Grill & Chill

I’ve been trying to nail down, more succinctly at least, why I have beef with Dairy Queen; it’s not their actual cow product because I’ve never tried it and probably never will, but something about the slogan “Grill & Chill” that I find so readily detestable in its presumed innocuousness, pre-packaged as it is to loathe, that it might as well be synonymous with terms like “great books,” or “classic” in the academy, whereby the bland allusion of positivity conceals Satan himself, behind the scenes strumming an out of tune guitar with the pick of destiny. Maybe it’s the language that bothers me. It’s gotta be deeper than how John Stuart felt about Arby’s. The term “Grill & Chill” supplants any thoughts of hunger I might have had with cold hamburgers sans cheese, dressed in Black face too, wearing the brown on the outside but still cold and pink in the middle. But with no mayonnaise, or ketchup. The bun of course, in this scenario would still be thawing. Not long ago I was stuck in an airport terminal at that point where hunger evolves into frustration and bad decision making. The only thing in the terminal was “Grill & Chill.” I walked almost forty minutes to the Popeyes. The thought of Dairy Queen doesn’t keep me up at night, but it certainly doesn’t help me sleep.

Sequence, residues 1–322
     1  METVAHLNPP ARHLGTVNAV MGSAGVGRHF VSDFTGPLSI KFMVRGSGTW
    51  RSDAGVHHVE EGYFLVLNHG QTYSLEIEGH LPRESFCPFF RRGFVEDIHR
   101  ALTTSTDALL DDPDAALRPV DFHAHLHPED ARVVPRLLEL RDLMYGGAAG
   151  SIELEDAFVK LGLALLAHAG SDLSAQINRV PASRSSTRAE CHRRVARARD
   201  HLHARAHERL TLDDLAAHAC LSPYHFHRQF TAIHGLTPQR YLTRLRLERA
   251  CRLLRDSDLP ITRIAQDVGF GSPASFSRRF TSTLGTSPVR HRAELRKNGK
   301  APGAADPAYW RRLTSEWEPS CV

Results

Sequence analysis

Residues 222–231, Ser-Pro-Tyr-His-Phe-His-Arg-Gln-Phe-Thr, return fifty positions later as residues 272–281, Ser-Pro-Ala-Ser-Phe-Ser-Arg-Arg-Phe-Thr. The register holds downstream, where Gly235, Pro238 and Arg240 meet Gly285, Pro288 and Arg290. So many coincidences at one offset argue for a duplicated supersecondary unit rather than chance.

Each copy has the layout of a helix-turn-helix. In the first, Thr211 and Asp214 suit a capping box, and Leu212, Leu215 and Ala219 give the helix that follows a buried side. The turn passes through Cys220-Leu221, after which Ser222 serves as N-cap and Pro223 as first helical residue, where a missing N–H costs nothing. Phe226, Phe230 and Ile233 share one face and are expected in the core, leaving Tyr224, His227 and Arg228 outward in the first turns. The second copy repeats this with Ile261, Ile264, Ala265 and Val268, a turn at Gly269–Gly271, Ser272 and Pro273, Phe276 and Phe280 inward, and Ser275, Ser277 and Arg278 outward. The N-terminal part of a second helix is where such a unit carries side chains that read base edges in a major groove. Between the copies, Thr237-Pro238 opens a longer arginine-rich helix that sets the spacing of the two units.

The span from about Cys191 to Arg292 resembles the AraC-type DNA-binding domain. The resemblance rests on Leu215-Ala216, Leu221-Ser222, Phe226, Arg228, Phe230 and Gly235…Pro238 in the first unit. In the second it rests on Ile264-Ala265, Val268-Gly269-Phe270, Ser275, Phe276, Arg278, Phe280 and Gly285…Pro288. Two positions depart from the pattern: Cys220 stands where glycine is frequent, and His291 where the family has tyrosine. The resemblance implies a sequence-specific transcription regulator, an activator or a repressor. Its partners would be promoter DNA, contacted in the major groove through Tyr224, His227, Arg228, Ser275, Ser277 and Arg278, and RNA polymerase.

In waking dreams I find myself trapped in a “Grill & Chill” hell, this nightmarish land sandwiched between a white boy pulling a Gamecube and Miller Lite from his Jansport and the associative chill of the postmortem, watching anime reruns on Netflix with an ex before crossing the threshold of that inevitable mistake of all mistakes. What I really want, I think, is for “Grill & Chill” to no longer exist, for it to fall off the side of the turtle that this flat planet lays down on. Maybe the slogan can find a better way to express what it truly means: burgers and sundaes. Maybe we all can, but until then I continue to drive past “Grill & Chill” each day with my eyes glued to the road, trying not to inhale too deeply.

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